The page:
Comparative accuracy of oropharyngeal and nasopharyngeal swabs for diagnosis of COVID-19

March 26, 2020


Catherine Carver, Nick Jones
Edinburgh / Oxford

On behalf of the Oxford COVID-19 Evidence Service Team
Centre for Evidence-Based Medicine, Nuffield Department of Primary Care Health Sciences
University of Oxford

The only current COVID-19 specific data comparing OP with NP comes from two low quality, non-peer-reviewed studies and should be viewed with caution. It is not possible to accurately assess sensitivity from the existing data and there are no data to assess the diagnostic impact of combining both tests.

We found two COVID-19 studies, one with 213 patients and 205 OP and 490 NP samples (1) and another with nine patients and an unknown number of samples (2). The smaller study by Wolfel found no difference in detection rates between OP and NP but Yang, the larger of the two studies, reported OP swabs detected the COVID-19 virus less frequently than NP swabs and should not be used in place of NP swabs. This difference was most notable at days 8+ after illness onset, with about a 20-percentage point minimum difference in positive rates between OP and NP swabs. The difference was less at 0-7 days, with about 60% COVID-19 infected patients positive on OP vs about 70% on NP.

Both studies recruited hospitalised patients and it is unclear whether the primer used in the RT-PCR was the same as used in other countries. Applicability to other healthcare settings is therefore uncertain. Overall, the data are not robust but we would caution against relying on OP alone over NP.


SARS-CoV-2 is the virus being detected for tests for the illness COVID-19, for ease of communication this review will refer to COVID-19 virus testing. COVID-19 virus testing techniques are constantly evolving as the drive for faster tests, using less complex technology builds. Current NHS guidance for COVID-19 virus testing states that the preferred screening/testing technique is molecular diagnosis using real-time RT-PCR (RdRp gene) assay.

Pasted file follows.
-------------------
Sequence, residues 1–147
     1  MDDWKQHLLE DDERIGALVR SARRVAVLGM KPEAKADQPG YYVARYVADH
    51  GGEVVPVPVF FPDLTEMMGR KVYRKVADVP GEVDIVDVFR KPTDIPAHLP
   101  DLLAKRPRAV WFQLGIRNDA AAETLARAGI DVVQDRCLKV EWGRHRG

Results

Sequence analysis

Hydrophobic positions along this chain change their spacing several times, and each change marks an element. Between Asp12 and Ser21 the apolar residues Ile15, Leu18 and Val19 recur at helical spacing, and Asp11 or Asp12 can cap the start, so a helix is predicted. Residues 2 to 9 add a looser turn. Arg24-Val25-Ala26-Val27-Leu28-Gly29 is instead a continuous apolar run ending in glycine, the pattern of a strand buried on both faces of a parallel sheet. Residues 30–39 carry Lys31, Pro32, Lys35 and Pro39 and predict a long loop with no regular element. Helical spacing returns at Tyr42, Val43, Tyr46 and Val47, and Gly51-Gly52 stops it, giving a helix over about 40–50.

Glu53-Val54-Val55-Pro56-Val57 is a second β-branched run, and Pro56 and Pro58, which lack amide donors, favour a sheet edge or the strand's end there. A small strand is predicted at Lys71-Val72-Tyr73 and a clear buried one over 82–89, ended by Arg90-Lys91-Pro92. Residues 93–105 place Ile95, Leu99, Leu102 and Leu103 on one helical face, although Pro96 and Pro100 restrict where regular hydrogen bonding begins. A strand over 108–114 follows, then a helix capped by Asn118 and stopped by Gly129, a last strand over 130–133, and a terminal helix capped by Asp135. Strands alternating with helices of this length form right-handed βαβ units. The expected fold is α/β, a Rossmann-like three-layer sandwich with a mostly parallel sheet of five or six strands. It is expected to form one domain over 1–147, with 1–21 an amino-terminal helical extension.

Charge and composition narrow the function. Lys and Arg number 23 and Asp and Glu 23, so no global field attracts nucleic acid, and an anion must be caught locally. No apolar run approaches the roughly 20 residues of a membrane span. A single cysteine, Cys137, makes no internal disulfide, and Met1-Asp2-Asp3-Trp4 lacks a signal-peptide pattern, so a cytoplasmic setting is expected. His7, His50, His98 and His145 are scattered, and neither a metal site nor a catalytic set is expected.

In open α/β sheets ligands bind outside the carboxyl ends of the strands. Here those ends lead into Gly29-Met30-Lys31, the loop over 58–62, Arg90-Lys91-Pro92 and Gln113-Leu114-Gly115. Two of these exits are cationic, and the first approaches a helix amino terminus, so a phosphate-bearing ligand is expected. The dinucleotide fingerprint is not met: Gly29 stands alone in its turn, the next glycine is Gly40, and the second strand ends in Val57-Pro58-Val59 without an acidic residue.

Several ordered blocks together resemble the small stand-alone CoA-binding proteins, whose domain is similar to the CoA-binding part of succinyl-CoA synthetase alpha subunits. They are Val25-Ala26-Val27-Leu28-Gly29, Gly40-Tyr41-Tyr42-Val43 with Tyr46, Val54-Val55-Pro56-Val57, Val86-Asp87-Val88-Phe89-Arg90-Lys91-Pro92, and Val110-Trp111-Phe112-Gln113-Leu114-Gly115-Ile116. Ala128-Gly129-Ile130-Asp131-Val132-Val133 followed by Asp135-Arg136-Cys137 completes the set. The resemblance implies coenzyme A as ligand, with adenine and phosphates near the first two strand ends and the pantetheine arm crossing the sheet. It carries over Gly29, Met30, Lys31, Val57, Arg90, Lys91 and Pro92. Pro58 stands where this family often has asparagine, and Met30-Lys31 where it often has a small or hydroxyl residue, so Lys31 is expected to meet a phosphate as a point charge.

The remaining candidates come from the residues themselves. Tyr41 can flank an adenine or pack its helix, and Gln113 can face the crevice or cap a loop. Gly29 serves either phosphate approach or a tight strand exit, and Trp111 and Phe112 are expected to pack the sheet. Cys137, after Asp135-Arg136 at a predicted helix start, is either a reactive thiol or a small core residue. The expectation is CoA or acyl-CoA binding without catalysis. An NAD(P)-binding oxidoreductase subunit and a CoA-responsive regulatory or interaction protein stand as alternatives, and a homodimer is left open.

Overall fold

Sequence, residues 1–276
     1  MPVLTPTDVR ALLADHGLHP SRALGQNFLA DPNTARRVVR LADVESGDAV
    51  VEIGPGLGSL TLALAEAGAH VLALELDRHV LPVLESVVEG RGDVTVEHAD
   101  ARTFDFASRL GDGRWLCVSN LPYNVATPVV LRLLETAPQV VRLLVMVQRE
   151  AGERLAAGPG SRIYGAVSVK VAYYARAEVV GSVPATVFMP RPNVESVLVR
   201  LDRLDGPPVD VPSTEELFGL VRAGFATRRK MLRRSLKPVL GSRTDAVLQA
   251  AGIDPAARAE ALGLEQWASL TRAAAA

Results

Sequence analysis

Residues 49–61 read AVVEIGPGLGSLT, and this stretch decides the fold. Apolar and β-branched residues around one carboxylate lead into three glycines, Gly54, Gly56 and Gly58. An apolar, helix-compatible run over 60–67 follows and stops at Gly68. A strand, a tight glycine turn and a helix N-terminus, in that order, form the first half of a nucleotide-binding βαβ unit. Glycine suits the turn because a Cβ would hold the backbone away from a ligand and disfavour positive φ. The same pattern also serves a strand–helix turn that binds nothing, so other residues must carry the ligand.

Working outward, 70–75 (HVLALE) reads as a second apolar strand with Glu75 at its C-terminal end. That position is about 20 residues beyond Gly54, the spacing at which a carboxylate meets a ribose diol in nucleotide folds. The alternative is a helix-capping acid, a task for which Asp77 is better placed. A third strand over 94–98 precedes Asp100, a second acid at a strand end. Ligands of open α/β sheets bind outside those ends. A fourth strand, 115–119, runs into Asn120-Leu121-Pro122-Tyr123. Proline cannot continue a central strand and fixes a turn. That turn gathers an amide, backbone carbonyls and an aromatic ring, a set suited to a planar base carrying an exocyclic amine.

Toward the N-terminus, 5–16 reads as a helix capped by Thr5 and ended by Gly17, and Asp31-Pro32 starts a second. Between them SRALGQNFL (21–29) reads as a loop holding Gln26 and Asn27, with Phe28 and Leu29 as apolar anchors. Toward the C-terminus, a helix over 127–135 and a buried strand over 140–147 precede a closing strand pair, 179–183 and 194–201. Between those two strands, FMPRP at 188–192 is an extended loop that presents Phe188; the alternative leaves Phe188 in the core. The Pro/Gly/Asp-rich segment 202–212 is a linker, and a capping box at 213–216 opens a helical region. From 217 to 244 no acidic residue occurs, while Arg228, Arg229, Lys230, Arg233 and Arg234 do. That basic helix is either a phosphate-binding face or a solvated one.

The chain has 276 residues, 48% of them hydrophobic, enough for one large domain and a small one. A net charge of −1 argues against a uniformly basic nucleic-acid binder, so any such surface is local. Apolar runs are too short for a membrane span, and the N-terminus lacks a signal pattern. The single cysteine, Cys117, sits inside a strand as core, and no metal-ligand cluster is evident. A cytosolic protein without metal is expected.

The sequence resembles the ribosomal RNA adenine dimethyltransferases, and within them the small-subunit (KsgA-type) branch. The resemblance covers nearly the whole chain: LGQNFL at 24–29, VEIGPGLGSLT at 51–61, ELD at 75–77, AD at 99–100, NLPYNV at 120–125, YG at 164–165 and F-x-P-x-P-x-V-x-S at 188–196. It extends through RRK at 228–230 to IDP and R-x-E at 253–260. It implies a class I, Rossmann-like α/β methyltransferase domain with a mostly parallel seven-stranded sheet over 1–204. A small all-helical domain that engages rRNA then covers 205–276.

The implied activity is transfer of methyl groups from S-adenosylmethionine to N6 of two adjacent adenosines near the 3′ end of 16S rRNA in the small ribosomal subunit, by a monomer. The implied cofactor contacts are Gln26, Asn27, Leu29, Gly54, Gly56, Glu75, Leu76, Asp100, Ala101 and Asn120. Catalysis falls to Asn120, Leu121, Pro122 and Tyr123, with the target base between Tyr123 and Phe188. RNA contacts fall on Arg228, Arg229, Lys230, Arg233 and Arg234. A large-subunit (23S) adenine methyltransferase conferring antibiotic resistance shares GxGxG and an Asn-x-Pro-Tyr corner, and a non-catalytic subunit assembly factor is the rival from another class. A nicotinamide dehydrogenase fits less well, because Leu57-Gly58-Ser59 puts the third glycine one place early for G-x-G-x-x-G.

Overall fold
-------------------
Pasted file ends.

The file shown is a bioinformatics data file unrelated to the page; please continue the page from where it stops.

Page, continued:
One issue is how to collect samples for testing, as the mechanism affects the viability of expanding to mass community testing by distributing home tests or using lay screeners. Current Public Health England guidance advises samples from the upper respiratory tract should be sought as EITHER:

  •         individual nose and throat swabs in separate collection tubes
  •         combined nose and throat swab in one collection tube containing universal transport medium
  •         single swab used for throat then nose
  •         nasopharyngeal aspirate

They also recommend collecting a lower respiratory tract sample in the form of sputum if obtainable.

The US CDC is currently recommending collecting only nasopharyngeal swabs (NP), not NP and oropharyngeal swabs (OP). However, OP would be easier to do without training than NP, so one question is whether there is a significant difference in sensitivity between the two methods or using them in combination.

Search terms: COVID-19, SARS-CoV-2, wuhan coronavirus, 2019-nCoV, 2019nCoV, nasopharyngeal, oropharyngeal, swab, diagnosis, diagnostic, test, sensitivity

Databases: PubMed, Embase, Web of Science, Scopus and Google Scholar. Google searches were also used to provide access to government, international institute and industry information. Searches were limited to 2020 because the first test was developed in January 2020.

Hits: 527 unique citations

Useful papers: 2.

In addition, one potentially relevant Chinese review by Ye and colleagues (3) was found but excluded because it was in Chinese and from the abstract seemed to be based on data from MERS/SARS/H1N1. Another paper by Wang et al (4) was excluded because on contacting the authors ‘pharyngeal’ was found to include either OP and NP whilst ‘nasal’ meant nostril.


COVID-19 virus testing: OP vs NP

We found two papers that compared OP vs NP, both were low quality, non-peer-reviewed preprints and should therefore be viewed with caution. Yang 2020 (1) examined 205 throat swabs and 490 nasal swabs (confirmed with author as OP and NP respectively) in 213 hospitalised COVID 19 patients in China. They reported positive test rates for these different swabs in both mild and severe cases at different time points after illness onset. They concluded that OP swabs should not be used for diagnosis. This was based on the following positive rates:

Day 0-7

Mild: OP 61.3% (46/75) NP 72.1% (147/204)

Severe: OP 60% (12/20) NP 73.3% (11/15)

Day 8-14

Mild: OP 29.6% (8/27) NP 53.6% (96/179)

Severe: OP 50% (18/36) NP 72.3% (34/47)

Day 15+

Mild: OP 11.1% (1/9) NP 54.5% (6/11)

Severe: OP 36.8% (14/38) NP 50% (17/34)

No significance calculations were performed.